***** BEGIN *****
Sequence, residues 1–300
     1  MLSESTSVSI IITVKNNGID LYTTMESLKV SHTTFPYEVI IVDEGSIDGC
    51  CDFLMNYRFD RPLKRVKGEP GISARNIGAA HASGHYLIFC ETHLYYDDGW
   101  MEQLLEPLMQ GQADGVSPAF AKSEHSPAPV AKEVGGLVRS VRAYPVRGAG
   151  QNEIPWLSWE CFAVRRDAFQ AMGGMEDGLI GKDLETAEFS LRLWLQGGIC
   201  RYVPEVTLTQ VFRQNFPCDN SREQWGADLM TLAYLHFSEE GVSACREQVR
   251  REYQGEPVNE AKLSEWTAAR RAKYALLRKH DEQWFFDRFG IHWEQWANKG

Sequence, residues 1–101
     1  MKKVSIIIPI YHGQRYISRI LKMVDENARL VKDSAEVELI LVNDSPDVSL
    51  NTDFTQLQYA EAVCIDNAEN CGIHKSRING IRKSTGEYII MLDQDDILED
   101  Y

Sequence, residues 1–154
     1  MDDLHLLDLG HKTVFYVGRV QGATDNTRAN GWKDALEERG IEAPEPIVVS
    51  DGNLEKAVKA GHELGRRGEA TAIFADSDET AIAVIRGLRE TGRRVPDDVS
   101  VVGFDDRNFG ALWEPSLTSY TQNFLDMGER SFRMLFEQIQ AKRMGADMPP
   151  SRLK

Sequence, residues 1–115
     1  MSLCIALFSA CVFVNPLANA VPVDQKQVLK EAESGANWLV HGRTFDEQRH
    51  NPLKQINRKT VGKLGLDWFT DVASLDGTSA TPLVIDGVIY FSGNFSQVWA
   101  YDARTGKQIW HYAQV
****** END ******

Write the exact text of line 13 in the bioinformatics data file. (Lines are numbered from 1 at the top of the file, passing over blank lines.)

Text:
     1  MDDLHLLDLG HKTVFYVGRV QGATDNTRAN GWKDALEERG IEAPEPIVVS